Interview with Mahmoud Sheikh Ibrahim
In an exclusive interview with Ibrahim, who has been on the front line near Hajin several times in the last months, he reveals the recent collapse of the last ISIS-held pocket in Syria. The battle for Hajin has been a difficult struggle since September 2017. With the US decision to withdraw in December and Turkish threats to launch an operation in the north, as well as ISIS counterattacks, the Syrian Democratic Forces have faced a variety of hurdles and distractions as they try to defeat ISIS in the Euphrates valley.
On January 20 around 400 people fled an area held by ISIS and the next day he said that the number had increased as families and alleged ISIS fighters fled Baghuz. He estimates the numbers may be as many as 2,000. This comes at an important juncture in the war on ISIS. Ibrahim and his photos shed light on the developments taking place. We discussed several other incidents such as a terror attack by ISIS against a checkpoint on the road to Shaddadi.
You’ve been near the front line in the battle for the last ISIS pocket near Hajin, tell us what are you seeing?
We were 3-4km from the frontline. Families and fighters were escaping ISIS enclave. The majority Iraqis and then after that Syrians and some foreigners. Men were mostly Iraqis. I saw very few Syrians actually. The women were covered so it was difficult to know who they were. I could tell they were Iraqi by accents and some women said they were. Some were from Al-Qaim area and Anbar in general. One had family in Baghdad. Some said they had fled the Popular Mobilization Units (PMU) in Iraq to Syria.
And were you able to speak to them?
When they first arrived they are afraid and scared. The women avoid questioning. We suspect some are foreigners. Last night we came across a Turkish woman but she said she wouldn’t speak. The Turkish woman had fair skin, was. Very recognizable and different. Later one of the SDF medics said this particular. Woman had lived in Paris for years and then come to join ISIS. She was proud of joining.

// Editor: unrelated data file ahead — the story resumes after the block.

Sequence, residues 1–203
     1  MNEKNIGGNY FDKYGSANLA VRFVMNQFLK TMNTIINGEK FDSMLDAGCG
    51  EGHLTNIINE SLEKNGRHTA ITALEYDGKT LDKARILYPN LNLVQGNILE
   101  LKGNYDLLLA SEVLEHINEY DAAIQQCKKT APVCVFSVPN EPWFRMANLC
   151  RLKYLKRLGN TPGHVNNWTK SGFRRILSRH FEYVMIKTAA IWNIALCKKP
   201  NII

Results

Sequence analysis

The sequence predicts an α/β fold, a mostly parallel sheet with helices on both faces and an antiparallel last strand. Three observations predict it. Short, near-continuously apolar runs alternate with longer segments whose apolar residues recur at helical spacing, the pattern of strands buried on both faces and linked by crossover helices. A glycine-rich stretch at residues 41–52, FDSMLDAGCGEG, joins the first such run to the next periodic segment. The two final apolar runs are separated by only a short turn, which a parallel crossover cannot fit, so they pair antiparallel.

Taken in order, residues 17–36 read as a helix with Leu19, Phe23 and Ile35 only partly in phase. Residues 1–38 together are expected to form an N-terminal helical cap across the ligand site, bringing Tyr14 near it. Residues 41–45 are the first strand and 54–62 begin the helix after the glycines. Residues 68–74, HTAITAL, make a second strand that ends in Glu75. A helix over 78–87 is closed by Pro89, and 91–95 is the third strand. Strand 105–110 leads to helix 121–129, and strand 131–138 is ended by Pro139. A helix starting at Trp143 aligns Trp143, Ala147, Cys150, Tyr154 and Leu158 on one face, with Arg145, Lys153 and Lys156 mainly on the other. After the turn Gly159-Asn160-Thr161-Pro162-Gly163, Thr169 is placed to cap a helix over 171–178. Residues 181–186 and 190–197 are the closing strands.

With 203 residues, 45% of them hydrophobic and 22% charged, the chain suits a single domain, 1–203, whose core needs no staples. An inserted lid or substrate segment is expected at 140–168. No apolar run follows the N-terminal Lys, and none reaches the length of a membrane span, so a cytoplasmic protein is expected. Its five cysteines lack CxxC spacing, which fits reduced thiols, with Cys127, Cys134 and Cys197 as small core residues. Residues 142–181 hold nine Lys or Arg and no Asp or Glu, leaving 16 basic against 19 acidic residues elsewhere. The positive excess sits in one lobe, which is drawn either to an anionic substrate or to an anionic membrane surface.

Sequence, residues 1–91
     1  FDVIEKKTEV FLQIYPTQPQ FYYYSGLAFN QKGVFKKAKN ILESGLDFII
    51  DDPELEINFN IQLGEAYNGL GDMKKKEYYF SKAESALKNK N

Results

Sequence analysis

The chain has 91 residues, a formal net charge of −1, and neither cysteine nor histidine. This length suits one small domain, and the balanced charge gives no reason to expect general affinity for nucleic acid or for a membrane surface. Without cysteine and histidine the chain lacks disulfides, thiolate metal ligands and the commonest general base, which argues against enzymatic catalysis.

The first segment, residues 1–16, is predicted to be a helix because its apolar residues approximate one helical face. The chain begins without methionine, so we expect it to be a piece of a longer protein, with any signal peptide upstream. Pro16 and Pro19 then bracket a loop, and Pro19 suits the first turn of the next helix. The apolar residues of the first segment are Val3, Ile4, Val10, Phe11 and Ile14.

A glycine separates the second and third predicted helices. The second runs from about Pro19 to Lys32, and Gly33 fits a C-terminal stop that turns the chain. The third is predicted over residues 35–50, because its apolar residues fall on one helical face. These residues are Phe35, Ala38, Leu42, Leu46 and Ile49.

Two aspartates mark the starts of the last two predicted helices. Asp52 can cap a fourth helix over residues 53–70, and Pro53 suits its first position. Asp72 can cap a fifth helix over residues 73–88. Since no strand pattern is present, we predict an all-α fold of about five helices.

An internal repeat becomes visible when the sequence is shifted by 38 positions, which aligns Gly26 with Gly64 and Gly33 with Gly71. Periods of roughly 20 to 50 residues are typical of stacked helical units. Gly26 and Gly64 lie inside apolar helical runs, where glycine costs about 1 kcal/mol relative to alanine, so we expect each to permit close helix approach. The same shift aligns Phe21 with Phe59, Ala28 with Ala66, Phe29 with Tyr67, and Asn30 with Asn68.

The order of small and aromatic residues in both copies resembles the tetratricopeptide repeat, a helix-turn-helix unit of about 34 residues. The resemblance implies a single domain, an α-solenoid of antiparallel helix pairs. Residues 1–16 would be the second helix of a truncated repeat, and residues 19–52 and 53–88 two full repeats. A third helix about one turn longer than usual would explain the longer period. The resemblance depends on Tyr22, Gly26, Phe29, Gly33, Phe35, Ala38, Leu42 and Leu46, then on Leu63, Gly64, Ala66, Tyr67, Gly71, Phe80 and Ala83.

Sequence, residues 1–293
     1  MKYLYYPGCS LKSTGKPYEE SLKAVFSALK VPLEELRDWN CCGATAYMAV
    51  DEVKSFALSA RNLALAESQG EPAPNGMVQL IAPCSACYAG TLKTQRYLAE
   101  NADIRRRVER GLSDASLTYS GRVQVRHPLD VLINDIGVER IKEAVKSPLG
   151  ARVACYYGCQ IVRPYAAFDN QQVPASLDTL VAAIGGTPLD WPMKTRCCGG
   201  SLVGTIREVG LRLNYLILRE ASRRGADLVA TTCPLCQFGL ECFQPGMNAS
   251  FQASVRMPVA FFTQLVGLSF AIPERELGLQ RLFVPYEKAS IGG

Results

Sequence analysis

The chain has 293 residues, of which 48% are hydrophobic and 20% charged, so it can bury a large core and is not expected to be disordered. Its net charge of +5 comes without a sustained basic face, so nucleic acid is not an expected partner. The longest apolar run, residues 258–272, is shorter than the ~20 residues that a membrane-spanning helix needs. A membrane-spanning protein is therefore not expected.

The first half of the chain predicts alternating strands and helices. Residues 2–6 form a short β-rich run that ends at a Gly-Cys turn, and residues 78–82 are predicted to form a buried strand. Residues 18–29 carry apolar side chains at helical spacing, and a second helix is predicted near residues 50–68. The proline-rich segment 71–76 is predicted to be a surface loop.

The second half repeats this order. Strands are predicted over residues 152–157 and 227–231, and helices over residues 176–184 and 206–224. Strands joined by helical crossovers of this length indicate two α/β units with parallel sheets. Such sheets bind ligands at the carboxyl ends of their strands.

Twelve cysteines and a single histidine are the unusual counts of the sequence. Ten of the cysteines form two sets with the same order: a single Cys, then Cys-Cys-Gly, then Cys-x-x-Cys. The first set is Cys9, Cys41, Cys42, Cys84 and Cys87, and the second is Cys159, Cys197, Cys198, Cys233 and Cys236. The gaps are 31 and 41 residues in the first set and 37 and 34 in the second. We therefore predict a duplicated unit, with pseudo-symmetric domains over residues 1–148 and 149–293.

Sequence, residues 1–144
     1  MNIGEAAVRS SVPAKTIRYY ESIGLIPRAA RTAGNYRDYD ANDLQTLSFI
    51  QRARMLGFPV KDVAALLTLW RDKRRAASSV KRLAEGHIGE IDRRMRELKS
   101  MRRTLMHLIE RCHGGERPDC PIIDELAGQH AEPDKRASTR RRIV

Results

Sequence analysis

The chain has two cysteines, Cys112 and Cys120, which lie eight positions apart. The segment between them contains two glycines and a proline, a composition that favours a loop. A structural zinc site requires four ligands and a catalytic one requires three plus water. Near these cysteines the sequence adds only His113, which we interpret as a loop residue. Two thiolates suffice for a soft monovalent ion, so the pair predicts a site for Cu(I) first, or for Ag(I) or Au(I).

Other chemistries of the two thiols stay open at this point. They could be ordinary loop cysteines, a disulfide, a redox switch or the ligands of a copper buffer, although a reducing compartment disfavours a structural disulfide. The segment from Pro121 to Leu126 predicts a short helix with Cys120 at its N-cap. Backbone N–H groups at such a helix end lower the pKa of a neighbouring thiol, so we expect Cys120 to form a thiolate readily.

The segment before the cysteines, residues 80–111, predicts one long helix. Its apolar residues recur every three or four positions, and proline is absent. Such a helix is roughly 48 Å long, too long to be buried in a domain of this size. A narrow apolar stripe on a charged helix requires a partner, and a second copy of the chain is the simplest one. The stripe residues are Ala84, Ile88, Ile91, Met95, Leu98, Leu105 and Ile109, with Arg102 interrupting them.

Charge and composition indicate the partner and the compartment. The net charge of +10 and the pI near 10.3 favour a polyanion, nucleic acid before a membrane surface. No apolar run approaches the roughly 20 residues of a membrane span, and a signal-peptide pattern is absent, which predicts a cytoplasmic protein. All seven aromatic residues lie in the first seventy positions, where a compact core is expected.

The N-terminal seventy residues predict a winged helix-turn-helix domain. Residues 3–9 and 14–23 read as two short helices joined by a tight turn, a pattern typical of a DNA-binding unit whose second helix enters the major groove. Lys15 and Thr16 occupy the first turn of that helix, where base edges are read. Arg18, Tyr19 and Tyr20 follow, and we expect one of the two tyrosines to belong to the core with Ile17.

These are suspected to be ISIS members and families?
The SDF says that 99.99% are fighters. There are some elderly men who are not fighters. But the injured ones are fighters. The SDF takes their finger prints and name and then transport them to a IDP or temporary camp. For instance last night there were 100 men suspected of being fighters and they were taken away. Some of them that fled near Baghuz were clearly fighters and even if they didn’t wear distinctive clothes that mark them as such. For instance Chechan-style outfits.
They are interrogated when they arrive?
After they take their prints they don’t interrogate them there. They take them on a convoy. Then they take them to a place near Busayrah, with an initial contact and interrogation. Some go to Al-Hawl camp. It’s near Iraqi border near Sinjar.
Isn’t that a problem to transport suspect ISIS members to a camp near Sinjar where ISIS committed a genocide against Yazidis?
The camp has existed there and has been there since 1991 and was built by UN for Iraqi refugees and ISIS used it as a training center. UNHCR is there.
Did you see any kidnapped Yazidis or hear about any?
No. I asked a bunch of women and they also said no.
But they could flee and return to insurgency etc?
From the camp I don’t think they will be able to go somewhere. But some might be able to escape, their numbers are large and they come from unknown places and there is not enough information against them.
What about ISIS members suspected of being commanders or officers or high level individuals?
One intelligence officer said that some of the big commanders are seeking to escape to Iraq or via Syrian regime areas and then to Idlib and they want to try to get to Turkey that way.